There may be two or more sides to a story, but not every side is true

narctable As I’ve tried to tell my story to get legal help dealing with the narcopath abuser, I’ve heard many platitudes that may apply to a normal break-up, but do not apply to a break-up with a predator. I’ve heard comments like “there are two sides to every story with the truth somewhere in between,” or “its a he-said she-said situation,” or “I feel bad for both of you,” or “you will learn to get along,” or “you are just bickering.”

Wrong. There maybe normal break-ups where those comments apply, but they do NOT apply after an abusive relationship–especially one with a sociopath or narcissist. When there is an abuser in denial, a pathological liar involved, the ONLY person who is helped by these meaningless phrases is the abuser. As usual, the abuser mooches off our human tendencies to want to be fair, our need for justice, our empathy. Right when the abuse survivor needs help and validation the most, society is not able to give it because they are too busy trying to be fair to the person that we know is abusive!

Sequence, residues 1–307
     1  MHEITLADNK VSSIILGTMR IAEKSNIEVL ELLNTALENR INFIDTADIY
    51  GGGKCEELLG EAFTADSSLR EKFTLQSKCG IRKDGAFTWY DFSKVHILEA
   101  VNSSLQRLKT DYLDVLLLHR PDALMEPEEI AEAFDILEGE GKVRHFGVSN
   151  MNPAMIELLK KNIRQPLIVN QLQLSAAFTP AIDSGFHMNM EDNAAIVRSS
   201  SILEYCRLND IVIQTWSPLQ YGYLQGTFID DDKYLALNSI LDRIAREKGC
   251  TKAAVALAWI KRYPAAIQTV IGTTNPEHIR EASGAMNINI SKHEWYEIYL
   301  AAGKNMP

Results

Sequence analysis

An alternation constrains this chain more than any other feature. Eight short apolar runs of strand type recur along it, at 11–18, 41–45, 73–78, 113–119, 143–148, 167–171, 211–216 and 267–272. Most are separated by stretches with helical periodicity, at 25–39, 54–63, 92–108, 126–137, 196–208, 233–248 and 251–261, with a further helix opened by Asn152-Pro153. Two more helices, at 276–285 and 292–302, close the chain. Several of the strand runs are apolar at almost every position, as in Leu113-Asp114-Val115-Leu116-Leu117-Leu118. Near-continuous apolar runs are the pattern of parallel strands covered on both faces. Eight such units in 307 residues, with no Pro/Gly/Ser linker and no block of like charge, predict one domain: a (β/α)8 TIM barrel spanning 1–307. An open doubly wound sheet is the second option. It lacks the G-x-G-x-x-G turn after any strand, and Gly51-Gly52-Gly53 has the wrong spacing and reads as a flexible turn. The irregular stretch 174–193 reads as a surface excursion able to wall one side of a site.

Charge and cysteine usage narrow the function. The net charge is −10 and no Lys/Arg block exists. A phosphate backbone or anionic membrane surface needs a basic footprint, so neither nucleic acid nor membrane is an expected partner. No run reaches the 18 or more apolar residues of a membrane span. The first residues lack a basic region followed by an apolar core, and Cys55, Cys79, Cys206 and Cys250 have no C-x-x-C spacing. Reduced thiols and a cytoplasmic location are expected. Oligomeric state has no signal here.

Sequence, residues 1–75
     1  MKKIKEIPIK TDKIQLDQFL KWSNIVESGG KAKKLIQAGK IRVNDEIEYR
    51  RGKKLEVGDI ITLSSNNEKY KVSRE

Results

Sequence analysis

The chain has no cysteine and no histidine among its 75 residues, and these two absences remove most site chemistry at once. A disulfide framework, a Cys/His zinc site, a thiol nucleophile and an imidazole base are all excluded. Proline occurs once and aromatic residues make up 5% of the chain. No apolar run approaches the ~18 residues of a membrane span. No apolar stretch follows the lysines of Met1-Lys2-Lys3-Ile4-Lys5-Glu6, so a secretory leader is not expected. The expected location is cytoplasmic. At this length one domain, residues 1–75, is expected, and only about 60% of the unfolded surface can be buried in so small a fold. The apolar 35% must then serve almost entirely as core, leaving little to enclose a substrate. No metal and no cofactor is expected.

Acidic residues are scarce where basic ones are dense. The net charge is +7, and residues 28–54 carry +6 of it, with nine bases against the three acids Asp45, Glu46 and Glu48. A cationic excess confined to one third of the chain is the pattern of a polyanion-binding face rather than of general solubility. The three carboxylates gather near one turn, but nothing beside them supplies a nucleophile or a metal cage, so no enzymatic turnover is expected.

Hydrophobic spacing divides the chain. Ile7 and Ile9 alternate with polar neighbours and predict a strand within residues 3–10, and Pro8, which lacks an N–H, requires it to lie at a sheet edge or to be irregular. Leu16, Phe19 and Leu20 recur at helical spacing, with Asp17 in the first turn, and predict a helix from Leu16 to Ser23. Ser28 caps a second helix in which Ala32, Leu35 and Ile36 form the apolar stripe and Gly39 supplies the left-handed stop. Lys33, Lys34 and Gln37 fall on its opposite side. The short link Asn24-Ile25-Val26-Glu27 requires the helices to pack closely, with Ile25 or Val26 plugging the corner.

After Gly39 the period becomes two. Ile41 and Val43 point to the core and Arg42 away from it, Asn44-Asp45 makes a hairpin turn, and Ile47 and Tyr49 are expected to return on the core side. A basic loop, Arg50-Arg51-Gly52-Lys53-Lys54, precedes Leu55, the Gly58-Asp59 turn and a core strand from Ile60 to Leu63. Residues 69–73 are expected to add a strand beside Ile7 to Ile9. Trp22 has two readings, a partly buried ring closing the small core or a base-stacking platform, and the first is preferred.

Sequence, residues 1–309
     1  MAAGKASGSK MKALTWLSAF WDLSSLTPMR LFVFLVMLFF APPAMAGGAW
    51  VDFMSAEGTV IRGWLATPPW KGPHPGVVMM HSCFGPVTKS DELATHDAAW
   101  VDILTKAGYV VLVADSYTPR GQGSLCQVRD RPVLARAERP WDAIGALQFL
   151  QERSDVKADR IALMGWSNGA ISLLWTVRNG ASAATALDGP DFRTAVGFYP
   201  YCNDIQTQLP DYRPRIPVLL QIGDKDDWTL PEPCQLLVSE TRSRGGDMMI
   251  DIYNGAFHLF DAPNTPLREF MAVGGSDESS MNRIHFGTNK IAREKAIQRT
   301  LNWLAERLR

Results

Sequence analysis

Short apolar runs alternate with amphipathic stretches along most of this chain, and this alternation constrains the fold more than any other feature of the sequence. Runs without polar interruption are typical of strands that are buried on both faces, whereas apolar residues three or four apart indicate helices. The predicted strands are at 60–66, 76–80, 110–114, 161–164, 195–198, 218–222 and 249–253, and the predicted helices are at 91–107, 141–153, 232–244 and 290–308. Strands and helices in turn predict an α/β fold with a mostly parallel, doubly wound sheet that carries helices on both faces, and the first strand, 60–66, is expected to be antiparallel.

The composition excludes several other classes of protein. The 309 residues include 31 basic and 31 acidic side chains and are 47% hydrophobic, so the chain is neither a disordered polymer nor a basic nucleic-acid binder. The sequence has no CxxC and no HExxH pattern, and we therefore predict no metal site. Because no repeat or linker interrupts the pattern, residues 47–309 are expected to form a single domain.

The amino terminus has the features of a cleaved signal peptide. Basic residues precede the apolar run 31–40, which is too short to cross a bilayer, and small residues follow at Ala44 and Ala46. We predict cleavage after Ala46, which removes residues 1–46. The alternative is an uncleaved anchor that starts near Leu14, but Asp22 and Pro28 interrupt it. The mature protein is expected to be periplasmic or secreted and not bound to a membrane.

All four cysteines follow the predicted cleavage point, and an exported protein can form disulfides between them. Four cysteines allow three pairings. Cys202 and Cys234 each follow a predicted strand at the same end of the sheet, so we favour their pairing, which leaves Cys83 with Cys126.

In these situations, there are two sides to the story–the lie and the truth. It is “he-said/she-said”–one said lies and one said the truth. An abusive relationship isn’t a case where one party is simply misunderstanding the other, where there is a difference in communication, where two people see things different ways. This is a case where someone was predatory, the other person is scared and trying to get help, and the abuser is trying to cover his or her tracks. The idea of “innocent until proven guilty” might protect some innocent people, but it also protects some very guilty people. The good people in society want to help the party that needs help, but so often ends up either on the wrong side helping the abuser, or at best, failing the victim. We all need to be more astute to noticing the difference between words and actions!